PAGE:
Chapter 2: Contents of the Gita Summarized
sukhinah ksatriyah partha
labhante yuddham idrsam
yadrcchaya—by its own accord; ca—also; upapannam—arrived at; svarga—heavenly planet; dvaram—door; apavrtam—wide open; sukhinah—very happy; ksatriyah—the members of the royal order; partha—O son of Prtha; labhante—do achieve; yuddham—war; idrsam—like this.
O Partha, happy are the ksatriyas to whom such fighting opportunities come unsought, opening for them the doors of the heavenly planets.
As supreme teacher of the world, Lord Krsna condemns the attitude of Arjuna who said, "I do not find any good in this fighting. It will cause perpetual habitation in hell." Such statements by Arjuna were due to ignorance only. He wanted to become nonviolent in the discharge of his specific duty. For a ksatriya to be in the battlefield and to become nonviolent is the philosophy of fools. In the Parasara-smrti or religious codes made by Parasara, the great sage and father of Vyasadeva, it is stated:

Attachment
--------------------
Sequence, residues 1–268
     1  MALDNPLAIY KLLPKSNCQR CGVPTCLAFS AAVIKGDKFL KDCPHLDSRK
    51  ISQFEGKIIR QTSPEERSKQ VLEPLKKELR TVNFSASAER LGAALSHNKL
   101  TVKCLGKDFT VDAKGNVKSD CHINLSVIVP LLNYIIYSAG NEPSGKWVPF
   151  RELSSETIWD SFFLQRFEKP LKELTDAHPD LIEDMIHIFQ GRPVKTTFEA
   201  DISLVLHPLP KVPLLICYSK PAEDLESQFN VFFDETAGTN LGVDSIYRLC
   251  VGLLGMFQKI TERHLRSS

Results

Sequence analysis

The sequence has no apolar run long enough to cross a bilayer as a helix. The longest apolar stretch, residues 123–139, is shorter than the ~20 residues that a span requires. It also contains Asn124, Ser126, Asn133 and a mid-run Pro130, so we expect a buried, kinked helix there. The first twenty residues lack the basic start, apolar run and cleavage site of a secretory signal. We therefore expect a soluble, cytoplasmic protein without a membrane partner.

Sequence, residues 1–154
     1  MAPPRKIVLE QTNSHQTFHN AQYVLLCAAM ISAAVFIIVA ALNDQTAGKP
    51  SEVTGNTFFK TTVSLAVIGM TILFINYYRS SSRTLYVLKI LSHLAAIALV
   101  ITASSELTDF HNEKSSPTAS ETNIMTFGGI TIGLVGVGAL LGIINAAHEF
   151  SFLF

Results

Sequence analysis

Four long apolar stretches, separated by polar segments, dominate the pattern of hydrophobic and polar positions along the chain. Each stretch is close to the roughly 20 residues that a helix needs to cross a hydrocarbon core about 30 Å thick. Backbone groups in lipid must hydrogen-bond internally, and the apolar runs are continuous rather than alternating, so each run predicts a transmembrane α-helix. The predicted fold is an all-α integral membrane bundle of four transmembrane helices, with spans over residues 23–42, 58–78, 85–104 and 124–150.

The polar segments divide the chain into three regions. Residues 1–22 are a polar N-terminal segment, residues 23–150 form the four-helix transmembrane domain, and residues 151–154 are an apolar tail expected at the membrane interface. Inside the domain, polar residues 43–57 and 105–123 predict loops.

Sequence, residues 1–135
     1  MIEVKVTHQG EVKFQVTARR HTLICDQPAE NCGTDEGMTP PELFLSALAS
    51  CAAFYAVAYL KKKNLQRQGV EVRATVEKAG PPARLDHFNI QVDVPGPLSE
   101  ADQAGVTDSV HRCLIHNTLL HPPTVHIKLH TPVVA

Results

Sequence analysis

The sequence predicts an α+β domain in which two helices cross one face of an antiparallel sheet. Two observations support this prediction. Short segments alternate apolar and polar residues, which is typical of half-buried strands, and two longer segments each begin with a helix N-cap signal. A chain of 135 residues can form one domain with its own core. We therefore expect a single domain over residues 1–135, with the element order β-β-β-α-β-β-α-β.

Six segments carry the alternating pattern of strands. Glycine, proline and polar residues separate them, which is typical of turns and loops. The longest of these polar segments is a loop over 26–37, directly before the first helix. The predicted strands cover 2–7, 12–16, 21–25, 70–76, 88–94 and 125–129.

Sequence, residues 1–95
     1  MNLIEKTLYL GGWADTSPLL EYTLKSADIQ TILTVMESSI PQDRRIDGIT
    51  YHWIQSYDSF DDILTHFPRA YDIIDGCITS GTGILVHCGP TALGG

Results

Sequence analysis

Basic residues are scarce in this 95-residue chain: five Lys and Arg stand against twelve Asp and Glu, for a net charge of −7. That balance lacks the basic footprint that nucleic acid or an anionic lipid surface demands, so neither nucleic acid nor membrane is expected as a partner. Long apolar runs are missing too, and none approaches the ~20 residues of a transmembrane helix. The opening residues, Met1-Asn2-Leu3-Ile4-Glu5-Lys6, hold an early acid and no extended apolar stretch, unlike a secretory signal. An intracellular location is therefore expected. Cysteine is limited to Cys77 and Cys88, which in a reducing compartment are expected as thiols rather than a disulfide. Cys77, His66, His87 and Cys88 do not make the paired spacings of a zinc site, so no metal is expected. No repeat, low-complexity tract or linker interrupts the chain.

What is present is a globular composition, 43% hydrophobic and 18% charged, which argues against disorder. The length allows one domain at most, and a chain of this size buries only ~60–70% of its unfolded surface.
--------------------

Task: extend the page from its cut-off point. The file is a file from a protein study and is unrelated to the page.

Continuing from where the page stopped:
ksatriyo hi praja raksan sastra-panih pradandayan
nirjitya parasainyadi ksitim dharmena palayet.
"The ksatriya's duty is to protect the citizens from all kinds of difficulties, and for that reason he has to apply violence in suitable cases for law and order. Therefore he has to conquer the soldiers of inimical kings, and thus, with religious principles, he should rule over the world."
Considering all aspects, Arjuna had no reason to refrain from fighting. If he should conquer his enemies, he would enjoy the kingdom; and if he should die in the battle, he would be elevated to the heavenly planets whose doors were wide open to him. Fighting would be for his benefit in either case.